Static IPs, Dynamic IPs, and Anonymous Surfing with Proxy IP Addresses
There are two categories of IP addresses: the static and the dynamic. In most cases, people don’t really need to use a static IP. With a few exceptions, both can benefit from the use of software used to hide IP addresses.
The IP address is that magic number that tells the internet where you are and where to send data to, so you can browse the web without any problem. For security reasons, there are a lot of people who choose to mask IP trails. This is done to prevent people from accessing that potentially sensitive information. This is not a common practice, though, and is arguably is even less well-known than the fact that there are actually two types if IP addresses. Any given computer can potentially have either a static or dynamic IP address. One type is more likely to need a proxy IP system in place.
A static IP, as its name implies, is a constant one. It does not change each time the user connects to or disconnects from the internet. The only way to do so is to change it manually, which can have a number of results. Most web servers actually have a static IP, making sure that all websites hosted on their machines remain accessible. This is because if the IP changes or goes through some sort of anonymizer that changes it, other users will be unable to connect to it. For a website that wants to be publicly accessible, a static IP is a necessity. However, the average user that has a static IP can benefit from software used to mask IP addresses for security purposes.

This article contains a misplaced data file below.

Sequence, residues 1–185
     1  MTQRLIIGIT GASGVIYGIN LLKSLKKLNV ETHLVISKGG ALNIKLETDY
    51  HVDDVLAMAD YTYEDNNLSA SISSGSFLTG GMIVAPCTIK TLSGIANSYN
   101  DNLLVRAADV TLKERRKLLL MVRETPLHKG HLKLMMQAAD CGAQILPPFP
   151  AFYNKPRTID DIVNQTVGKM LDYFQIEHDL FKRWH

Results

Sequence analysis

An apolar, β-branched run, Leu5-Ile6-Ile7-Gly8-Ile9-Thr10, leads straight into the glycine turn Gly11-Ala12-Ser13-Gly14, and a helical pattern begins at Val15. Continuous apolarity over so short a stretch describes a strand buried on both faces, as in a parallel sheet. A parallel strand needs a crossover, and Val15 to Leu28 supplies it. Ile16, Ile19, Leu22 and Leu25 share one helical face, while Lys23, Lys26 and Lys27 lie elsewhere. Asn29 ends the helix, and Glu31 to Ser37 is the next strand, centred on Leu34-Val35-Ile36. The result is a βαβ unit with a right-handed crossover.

A dynamic IP, on the other hand, is one that is constantly changing. The computer is assigned an IP address when it connects and loses it when it disconnects. This is fairly common among commercial internet users, since it is slightly more secure. Since the IP is constantly changing, it minimizes the risk of someone catching on to the IP and using it to hack a computer. Dynamic IP addresses don’t generally affect a person’s ability to connect to the Internet, though some online games might require further identification if the IP address it is being accessed from constantly changing proxy IP addresses. For those who truly want a secure computer, anonymous surfing to mask IP addresses is still a viable option.
Most users will likely be given a dynamic IP unless they specifically request a static one from their internet service provider. It is entirely their choice to mask IP trails, regardless of what type of connection they have. For web hosts or servers, there may be a need to avoid using anonymous IP systems because of the connection issues involved. People who run POP3 e-mail servers would also need to use a static IP instead of a dynamic one, again to ensure constant accessibility. The average consumer, however, probably doesn’t need a static IP in most cases, and software used to hide IP data can add to the security that dynamic IPs provide.
Barring certain circumstances, there is no inherent advantage to having a static IP over a dynamic one. A dynamic IP might actually be slightly more secure, though those who truly want to be safe should mask IP information anyway.